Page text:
I think they excavated under railway bridges many years ago to allow double-decker trams to go underneath. Presumably they could do the same at Bell Green.
If they’ve allowed the bloody horrendous McDonald’s there I can’t see them blocking Aldi. At least the river, park and surrounding roads won’t be covered in Aldi litter.
And it’s a retail park. The idea and highway design is for traffic to go there to do ‘drive to’ shopping rather than blocking high streets with crawling traffic and cars circling to find parking.
I for one would love to have an Aldi there.
Brilliant! A decent supermarket in the area!
McDonalds (or a restaurant) was always allowed in the plans (agreed many years ago). Along with retail shops and some business units. Another food shop was not in the plans, hence the need for change of use.
Your comments about traffic seem to completely misunderstand the pollution levels in the area, affecting at least one primary school, and the council’s own admission that the roads are already above capacity. Aldi will create far more car journeys than Toys R Us ever did.
It’s odd that you are concerned about litter, but not the air you are breathing. The pollution you can’t see is the stuff that is killing you.
Not sure I understand this. Usually, it works like this:
Land owner applies for planning.
Homes get built.
Homes get sold.
Developer makes loads of profit.
I can’t see the financial problem.
Not sure developerswould be queuing up to pay Currys, Next, Halfords etc for the unexpired parts of their leases as well as the landlords for the land. In any case, since most of the owners of the new houses would probably be car owners, i don’t see how this would solve the pollution problem.
I daresay housing would generate fewer journeys than Sainsbury’s on a Sunday and councils are able to place limits on parking, if they wish. Many car free residential schemes being built in London. Admittedly, this doesn’t prevent people owning cars, but it does make it less attractive if parking is limited.
I don’t know what the lease terms are or what is written into contracts, so can’t really comment on compensation. But I’d imagine you are allowed to control you land with notice periods. It’s happening all over London. Up in Lewisham the Carpet Right site is being redeveloped. Next to it the site with Mothercare etc is also being redeveloped. Mothercare has already gone.
I’m not sure these are actually obstacles at all and if they are, they seem to involve costs to private indiividuals or large companies, set against huge profits.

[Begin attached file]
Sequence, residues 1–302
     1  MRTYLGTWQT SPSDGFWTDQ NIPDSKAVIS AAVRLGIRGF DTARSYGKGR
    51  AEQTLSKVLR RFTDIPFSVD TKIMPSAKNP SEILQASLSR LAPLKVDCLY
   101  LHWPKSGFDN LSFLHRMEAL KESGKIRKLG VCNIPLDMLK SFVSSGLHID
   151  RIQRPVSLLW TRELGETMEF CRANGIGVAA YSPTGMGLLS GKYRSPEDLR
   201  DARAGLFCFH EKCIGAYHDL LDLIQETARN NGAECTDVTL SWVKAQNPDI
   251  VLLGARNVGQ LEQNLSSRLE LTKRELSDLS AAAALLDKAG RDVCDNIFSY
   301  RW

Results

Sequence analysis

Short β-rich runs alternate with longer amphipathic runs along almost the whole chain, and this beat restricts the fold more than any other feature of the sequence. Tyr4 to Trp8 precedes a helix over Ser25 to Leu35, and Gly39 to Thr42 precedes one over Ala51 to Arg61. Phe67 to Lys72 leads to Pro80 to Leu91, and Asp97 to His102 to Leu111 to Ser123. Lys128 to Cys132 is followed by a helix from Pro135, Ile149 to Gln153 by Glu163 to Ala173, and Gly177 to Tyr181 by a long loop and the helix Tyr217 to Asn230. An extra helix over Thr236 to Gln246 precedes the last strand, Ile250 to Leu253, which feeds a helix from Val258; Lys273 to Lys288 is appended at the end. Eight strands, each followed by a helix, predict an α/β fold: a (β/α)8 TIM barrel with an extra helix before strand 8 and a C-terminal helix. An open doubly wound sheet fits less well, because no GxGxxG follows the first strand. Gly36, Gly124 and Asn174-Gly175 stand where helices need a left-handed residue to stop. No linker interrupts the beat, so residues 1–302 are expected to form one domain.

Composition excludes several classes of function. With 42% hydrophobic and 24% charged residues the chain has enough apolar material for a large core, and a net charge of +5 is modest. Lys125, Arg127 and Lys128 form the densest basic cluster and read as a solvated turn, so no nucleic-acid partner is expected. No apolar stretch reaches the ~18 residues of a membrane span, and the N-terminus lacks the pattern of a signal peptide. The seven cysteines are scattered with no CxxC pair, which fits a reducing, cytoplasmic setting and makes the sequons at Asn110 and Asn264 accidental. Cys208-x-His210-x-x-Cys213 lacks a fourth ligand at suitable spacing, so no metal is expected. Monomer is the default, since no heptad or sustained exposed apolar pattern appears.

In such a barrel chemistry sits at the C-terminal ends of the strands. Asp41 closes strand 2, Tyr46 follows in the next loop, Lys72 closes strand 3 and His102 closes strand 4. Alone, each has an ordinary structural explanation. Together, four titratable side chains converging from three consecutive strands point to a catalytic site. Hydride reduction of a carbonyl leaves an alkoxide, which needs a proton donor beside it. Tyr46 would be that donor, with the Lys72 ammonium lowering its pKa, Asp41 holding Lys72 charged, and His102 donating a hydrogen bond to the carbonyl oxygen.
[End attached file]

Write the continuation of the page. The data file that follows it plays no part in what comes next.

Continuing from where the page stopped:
I misunderstood… you want to get rid of Sainsbry’s as well and build on the entire site? Blimey…that would be some development, and some congestion too
Terminating a lease depends on the terms of the lease. Also if the lease is within the Landlord and Tenant Act 1954, it may be renewed at the end of the lease.
Thanks for that. I think it’s irrelevant, though, as it’s never going to happen (fortunately in my view)
A drive-through takeaway’s generated litter and the air we breathe are entirely unrelated issues. So it is odd that you wrote this.
An Aldi will not bring swarms of new traffic to the area as there is already another one less than 2 miles away in Catford not to mention two Lidl stores within a few hundred metres of the proposed new one. Instead it will mean everyone who does live round Sydenham and Bell Green won’t have to drive two additional polluting miles across Catford to get to an Aldi if they want to as there will be one nearby. A nearby one that is also close to several other retail park type shops that they may or may not shop at in the same visit (unlike Catford Aldi.) Or does the rest of Lewisham not matter as far as pollution goes?
I’d rather it was Lidl way better than Aldi IMHO
I will either walk there or catch the bus.
Planners announced their decision today:
It looks like the locals on se26 dot life are less than happy about the possibility of Aldi taking over the store due to its likely negative effect on local traffic. I feel slightly bad because I am overwhelmingly excited about it! Head to Aldi, sneaky double cheeseburger at MCDonalds, pick up some new sneaks at Sports Direct then pet some bunnies at Pets at Home all before jumping in my pollution mobile and driving back to se23.
Given this application has now been granted and there is more A1 grocery retailing in Bell Green, it would be incredible for the planning inspector to allow more A1 grocery retailing next door. Certainly the cumulative impact on high streets would be even more detrimental and goes against national planning guidance. However, it would be wrong to assume that the correct decision will be made or that the inspector takes account of changing local realities when considering this application in isolation.
There are so many better uses for this site than a third supermarket within spitting distance.
Does anyone have any further information as to the timeline, here? What’s “next steps”?